• copyright protection
  • patent advice
  • licensing services

There’s also the perception benefit of something being associated with a protective foundation. As Scott mentioned in his podcast, jQuery is a good example of a project that gained much wider acceptance in enterprise once it was embraced by Microsoft. The technology didn’t change, but the perceived trustworthiness of it did. And hopefully projects that come under the umbrella will gain this intangible benefit also.


The main issue with is that they’ve come in half-cocked and made a confusing mess – and just when was starting to gain momentum (eg they just hit their 10,000th project earlier this year).

People are loving, but now they’re unsure what is going on. In fact, some people are so confused by it all I’ve seen a few wondering if Windows 7 is going to be made open-source on LOL!

Be Patient

But give them time. The current problem with is simply a matter of poor timing. It was launched too early (most likely forced by the Marketing departments in response to a competitor’s launch around the same time) and has not yet worked out what it wants/needs to be. That’s why they need high-quality participants to come on board.

Aside: Whenever a half-assed product/service/announcement comes out – don’t get too confused. Just apply the ‘look over there’ test. Google, Apple and Microsoft love playing this game of seeing who can divert the most attention away from a competing vendor’s release (I’ll see your Bing announcement and raise it with a Wave diversion, etc, etc). For those playing along at home, see if you can work out what the announcement was a response to…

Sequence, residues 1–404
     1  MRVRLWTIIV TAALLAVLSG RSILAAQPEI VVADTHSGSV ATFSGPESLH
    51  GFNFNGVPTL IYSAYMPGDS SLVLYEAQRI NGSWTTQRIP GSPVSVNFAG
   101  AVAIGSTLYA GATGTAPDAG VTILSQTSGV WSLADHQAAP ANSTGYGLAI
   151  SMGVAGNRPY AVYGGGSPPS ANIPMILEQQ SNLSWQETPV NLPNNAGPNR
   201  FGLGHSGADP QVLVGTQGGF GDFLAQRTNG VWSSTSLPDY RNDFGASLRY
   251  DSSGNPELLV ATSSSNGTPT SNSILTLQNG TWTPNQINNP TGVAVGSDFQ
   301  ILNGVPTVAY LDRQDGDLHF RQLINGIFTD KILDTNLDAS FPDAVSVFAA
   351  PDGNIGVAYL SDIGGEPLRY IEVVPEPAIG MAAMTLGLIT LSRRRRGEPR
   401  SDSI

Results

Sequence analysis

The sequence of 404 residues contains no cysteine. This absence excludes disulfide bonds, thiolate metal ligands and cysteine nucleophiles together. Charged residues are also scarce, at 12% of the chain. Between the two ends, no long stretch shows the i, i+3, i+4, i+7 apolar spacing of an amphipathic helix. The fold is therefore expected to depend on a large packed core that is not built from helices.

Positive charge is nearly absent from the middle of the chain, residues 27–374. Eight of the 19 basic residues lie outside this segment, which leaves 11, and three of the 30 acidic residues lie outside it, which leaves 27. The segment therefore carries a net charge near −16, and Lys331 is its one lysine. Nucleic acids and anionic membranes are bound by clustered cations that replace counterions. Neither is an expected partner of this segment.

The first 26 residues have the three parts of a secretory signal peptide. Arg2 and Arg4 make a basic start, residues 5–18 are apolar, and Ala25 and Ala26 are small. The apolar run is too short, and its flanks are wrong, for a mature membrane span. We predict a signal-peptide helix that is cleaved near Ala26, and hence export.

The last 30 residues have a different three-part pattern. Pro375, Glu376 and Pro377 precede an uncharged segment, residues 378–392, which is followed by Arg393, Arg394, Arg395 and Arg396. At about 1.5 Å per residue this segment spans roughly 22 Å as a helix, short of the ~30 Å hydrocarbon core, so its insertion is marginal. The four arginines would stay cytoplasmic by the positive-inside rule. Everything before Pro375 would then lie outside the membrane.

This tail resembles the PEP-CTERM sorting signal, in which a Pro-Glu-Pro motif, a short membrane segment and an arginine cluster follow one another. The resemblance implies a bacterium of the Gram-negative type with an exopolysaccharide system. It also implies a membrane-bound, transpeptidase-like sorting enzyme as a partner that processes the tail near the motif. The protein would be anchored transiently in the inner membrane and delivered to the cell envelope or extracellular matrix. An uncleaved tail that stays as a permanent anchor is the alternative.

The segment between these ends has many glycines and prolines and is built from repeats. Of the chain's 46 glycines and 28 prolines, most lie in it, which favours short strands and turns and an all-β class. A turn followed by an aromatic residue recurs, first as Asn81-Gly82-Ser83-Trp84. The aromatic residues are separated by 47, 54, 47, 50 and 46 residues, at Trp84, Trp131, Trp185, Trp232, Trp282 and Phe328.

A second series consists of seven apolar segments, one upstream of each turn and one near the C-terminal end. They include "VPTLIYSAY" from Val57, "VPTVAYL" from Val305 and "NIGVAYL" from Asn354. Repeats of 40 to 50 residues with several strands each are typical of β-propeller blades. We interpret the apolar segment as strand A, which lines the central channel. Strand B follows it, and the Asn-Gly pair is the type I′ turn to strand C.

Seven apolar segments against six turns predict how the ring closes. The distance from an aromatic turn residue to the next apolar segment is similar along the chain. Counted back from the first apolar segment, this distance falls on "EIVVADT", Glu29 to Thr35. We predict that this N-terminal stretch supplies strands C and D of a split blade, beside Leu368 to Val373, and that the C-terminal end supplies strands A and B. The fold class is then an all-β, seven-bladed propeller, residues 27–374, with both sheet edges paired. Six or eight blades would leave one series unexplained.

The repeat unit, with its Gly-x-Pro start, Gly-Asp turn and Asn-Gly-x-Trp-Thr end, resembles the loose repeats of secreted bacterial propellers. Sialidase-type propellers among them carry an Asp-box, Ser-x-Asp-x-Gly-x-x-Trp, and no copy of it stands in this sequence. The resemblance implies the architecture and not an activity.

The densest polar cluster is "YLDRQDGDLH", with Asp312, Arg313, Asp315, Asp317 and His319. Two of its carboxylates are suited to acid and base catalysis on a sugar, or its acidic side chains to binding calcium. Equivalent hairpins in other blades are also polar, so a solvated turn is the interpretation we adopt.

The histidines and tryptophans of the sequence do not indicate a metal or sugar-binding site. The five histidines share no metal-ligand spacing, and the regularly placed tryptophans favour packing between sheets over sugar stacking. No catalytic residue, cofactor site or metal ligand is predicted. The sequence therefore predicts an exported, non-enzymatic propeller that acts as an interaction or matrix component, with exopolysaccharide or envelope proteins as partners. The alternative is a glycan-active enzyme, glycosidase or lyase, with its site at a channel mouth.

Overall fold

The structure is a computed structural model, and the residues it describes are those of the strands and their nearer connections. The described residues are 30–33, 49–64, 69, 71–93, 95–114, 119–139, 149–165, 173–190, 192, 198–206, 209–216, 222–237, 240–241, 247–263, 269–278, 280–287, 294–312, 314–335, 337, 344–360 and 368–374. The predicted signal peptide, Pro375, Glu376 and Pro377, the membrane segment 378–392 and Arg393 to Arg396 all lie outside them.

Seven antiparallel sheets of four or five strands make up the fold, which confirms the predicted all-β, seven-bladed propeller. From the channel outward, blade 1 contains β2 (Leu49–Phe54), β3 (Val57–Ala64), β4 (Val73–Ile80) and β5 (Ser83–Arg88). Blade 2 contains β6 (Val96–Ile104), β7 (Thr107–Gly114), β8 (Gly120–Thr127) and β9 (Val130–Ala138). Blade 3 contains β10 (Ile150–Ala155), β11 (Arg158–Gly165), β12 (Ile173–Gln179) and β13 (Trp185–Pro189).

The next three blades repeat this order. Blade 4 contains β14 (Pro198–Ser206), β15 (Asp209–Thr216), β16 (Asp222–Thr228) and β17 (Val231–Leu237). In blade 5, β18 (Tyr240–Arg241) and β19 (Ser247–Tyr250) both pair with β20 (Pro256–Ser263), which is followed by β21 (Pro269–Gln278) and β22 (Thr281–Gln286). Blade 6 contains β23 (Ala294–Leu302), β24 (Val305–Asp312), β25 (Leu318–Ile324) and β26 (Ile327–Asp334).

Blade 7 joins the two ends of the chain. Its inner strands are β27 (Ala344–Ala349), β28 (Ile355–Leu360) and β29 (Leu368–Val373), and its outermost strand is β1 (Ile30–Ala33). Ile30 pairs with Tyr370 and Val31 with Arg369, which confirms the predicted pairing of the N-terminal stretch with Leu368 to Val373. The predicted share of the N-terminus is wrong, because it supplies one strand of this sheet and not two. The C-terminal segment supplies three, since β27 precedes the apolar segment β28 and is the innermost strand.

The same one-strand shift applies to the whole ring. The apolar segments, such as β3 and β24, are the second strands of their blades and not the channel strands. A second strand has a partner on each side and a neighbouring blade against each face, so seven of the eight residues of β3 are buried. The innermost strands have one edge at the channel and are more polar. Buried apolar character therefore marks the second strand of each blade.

And thus…

Come back in 3 months when the board isn’t stacked with Microsoft & ex-Microsoft staff, and they’ve got their mission fully sorted, and I think we’ll all be pleased with the initiative.

SBTUG – Wed 24 June 2009 – Visual Studio 2010, Customer Feedback, Google Wave

I love the Sydney developer community. Really I do. Here’s why…

I’d previously organized a speaker for SBTUG tomorrow night, but he had to pull out (due to valid work travel reasons). This was two weeks ago. Then I got sick for a week and a bit, so it wasn’t until late last week I started getting around to finding replacements (yeah, I know – pretty disorganized for me). Two guys from the community quickly offered to help. But then one of them called me on Monday to say he couldn’t make it (due to valid health related reasons). No problem, Andrew Coates and Jodie Miners both jumped in to help at the last minute. They’ll be joining Ewen Wallace tomorrow night.